There is a great scene in the movie Patton where General George S. Patton is racing across Italy in an attempt to beat the British general Bernard Montgomery to Messina. Patton’s soldiers are trying to cross a bridge, but a donkey pulling a cart is blocking it. The donkey, proving its reputation for stubbornness, refuses to move.
Eager to capture Messina before Montgomery does, Patton walks up to see what’s preventing his men from acting upon his command to get to the destination. Upon discovering the obstacle, the general pulls out his famed pearl-handled pistol and shoots the donkey—and his team reaches Messina ahead of Montgomery.
Obstacle removed. Objective achieved.
You, too, will encounter obstacles that slow or halt your team. Some of these obstacles may be as stubborn as a donkey. Your role as a leader is to deal with stubborn donkeys and clear the road so that your team can race to deliver the promised results. You don’t need to act with the same cruelty that Patton did; he was literally at war. But you do need to act with as much vigor and commitment.
This is why you must always lead from the front: you need to be the first one to spot the donkeys so you can deal with them right away.
How to improve your ability to lead others.
Ask any leader, and they’ll tell you that it is difficult to lead under the best of circumstances. They’ll explain how ineffective the use of force is when leading a team, and they will tell you that they wish they had more influence. Great leaders always choose persuasion over force. They know that they are salespeople selling a vision and asking for the commitment of action to bring that vision to life.
Great leaders will also tell you that what keeps them up at night isn’t the threat of their competitors. It’s the risk of failing the people that they have the honor to lead.
Here are some tools that will help you strengthen your leadership skills:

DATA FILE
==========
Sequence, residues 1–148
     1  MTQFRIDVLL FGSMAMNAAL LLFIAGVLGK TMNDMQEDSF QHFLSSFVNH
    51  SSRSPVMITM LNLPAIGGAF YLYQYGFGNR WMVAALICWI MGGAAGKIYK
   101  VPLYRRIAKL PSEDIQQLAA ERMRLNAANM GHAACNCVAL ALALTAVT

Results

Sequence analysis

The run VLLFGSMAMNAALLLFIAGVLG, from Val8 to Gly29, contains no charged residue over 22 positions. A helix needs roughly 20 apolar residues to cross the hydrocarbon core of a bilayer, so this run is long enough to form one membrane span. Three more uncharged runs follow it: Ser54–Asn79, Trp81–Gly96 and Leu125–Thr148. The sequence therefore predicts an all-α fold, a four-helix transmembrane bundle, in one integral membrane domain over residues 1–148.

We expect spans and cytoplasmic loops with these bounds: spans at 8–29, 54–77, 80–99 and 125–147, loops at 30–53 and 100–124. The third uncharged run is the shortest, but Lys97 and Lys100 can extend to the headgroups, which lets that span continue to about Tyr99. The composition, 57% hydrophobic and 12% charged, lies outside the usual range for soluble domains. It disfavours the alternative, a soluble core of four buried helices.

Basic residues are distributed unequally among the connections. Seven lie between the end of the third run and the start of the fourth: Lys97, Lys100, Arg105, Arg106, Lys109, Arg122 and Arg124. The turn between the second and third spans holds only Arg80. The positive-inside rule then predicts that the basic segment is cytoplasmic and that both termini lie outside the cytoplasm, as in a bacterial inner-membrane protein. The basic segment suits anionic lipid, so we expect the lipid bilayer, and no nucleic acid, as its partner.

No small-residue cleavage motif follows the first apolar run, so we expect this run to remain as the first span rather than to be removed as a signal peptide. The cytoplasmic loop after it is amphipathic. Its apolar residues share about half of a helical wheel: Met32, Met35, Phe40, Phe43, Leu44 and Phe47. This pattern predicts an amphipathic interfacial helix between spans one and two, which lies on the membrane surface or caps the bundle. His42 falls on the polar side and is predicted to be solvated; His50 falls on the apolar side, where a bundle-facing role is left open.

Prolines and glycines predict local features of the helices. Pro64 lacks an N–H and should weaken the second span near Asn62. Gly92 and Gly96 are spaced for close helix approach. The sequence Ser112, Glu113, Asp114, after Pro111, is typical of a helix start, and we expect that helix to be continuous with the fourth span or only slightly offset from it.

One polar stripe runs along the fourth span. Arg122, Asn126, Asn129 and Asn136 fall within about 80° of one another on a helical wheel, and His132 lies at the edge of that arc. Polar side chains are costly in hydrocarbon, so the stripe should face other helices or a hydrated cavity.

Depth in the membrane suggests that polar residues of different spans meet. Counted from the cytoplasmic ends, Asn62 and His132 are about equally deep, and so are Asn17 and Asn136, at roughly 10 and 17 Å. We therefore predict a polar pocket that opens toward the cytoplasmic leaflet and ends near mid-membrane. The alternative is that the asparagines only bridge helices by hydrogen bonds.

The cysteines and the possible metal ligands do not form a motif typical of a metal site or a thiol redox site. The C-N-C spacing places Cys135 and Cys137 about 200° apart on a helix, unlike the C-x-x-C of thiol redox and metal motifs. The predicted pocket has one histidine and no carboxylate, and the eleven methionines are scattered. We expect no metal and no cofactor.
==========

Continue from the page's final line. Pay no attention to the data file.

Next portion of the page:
- Read about and study leadership.
I like to read books by practitioners of leadership—leaders who were faced with challenges that seemed insurmountable—such as Sir (Ernest) Henry Shackleton, President George Washington, and General George Patton. Distill these stories into lists of ideas and attributes. If you don’t like to read biographies, or if you don’t like distilling the lessons yourself, choose a book that has a number in the title, which means that someone else has captured the stories and distilled the lessons for you.
Also study the great leaders in your organization. These leaders may not have the formal titles you think of when you think of leaders. Look for the people who get things done because people willingly follow them. Notice how they communicate with the people they lead. Watch for clues that help you understand what makes the leader worth following. Does she care about her people? Does she provide them with a compelling mission and vision? Does she frame their work as something so important as to provide meaning and purpose to the daily grind?
- Learn to own the outcome.
Leaders always take responsibility, whether or not things go well. Even if a failure is due to unforeseen circumstances or to the client’s omissions or errors, a leader takes responsibility.
Don’t hesitate to lead because you fear you will be on your own: good leaders naturally attract dedicated followers. In fact, the very act of leading is how you create followers—people who join your effort because they, too, want you and your solution to succeed. When you jump right in to do the heavy lifting, you earn followers.
You learn to lead by stepping into the breach. You learn to lead by tackling the tough issues from which most people run away. You will quickly find yourself in over your head—and that is where leaders are made.
- Lead from the front.
Leadership is found where the action is—at the front—with leaders helping out, rallying the people, and securing the necessary resources.
Do not lead from behind a desk. Go where the action is and make your presence felt. You must be on the front lines with your soldiers as they battle their fiercest challenges.
Remember, you created and sold the vision. When problems arise, answer the call. Rush to the scene to make a difference and keep your vision alive. You’re not sure what to do? Don’t worry about that. Just get out and lead. The mere fact that you’re there, standing tall, will cause people to flock to you with ideas and resources.
All great leaders were baptized in fire and you’ll be no exception.
Anthony Iannarino is an international keynote speaker and workshop facilitator, sales leader, and sales coach. He blogs daily at The Sales Blog, and teaches part time at Capital University’s Capital School of Management and Leadership. Email: firstname.lastname@example.org.
This article is adapted from The Only Sales Guide You’ll Ever Need by Anthony Iannarino with permission of Portfolio, an imprint of Penguin Publishing Group, a division of Penguin Random House LLC. Copyright © Anthony Iannarino, 2016.